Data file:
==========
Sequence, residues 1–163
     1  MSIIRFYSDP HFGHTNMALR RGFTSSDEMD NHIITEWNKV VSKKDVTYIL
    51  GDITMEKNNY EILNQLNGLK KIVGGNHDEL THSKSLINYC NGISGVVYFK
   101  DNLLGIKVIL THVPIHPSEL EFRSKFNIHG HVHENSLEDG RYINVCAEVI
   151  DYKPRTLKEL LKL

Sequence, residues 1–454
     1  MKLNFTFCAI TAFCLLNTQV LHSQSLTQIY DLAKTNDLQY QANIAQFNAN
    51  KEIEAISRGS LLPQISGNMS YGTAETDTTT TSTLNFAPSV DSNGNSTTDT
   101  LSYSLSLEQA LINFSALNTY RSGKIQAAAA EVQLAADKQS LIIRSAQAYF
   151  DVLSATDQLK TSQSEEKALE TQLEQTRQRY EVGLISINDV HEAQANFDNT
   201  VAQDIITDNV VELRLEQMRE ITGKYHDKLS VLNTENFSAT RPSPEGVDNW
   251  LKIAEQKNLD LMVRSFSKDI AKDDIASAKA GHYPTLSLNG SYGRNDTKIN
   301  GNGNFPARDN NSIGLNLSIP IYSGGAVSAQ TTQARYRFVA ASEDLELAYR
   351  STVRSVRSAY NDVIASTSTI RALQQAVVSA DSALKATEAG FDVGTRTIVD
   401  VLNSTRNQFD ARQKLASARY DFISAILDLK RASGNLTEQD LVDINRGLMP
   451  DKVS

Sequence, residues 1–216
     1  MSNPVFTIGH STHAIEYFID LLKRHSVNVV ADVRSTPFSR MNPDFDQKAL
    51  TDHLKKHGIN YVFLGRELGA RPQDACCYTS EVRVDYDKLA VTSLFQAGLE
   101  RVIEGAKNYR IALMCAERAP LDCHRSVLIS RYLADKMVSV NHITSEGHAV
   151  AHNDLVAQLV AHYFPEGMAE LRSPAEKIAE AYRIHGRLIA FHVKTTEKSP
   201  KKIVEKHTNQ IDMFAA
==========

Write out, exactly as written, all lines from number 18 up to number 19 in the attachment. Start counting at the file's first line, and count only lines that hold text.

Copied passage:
     1  MSNPVFTIGH STHAIEYFID LLKRHSVNVV ADVRSTPFSR MNPDFDQKAL
    51  TDHLKKHGIN YVFLGRELGA RPQDACCYTS EVRVDYDKLA VTSLFQAGLE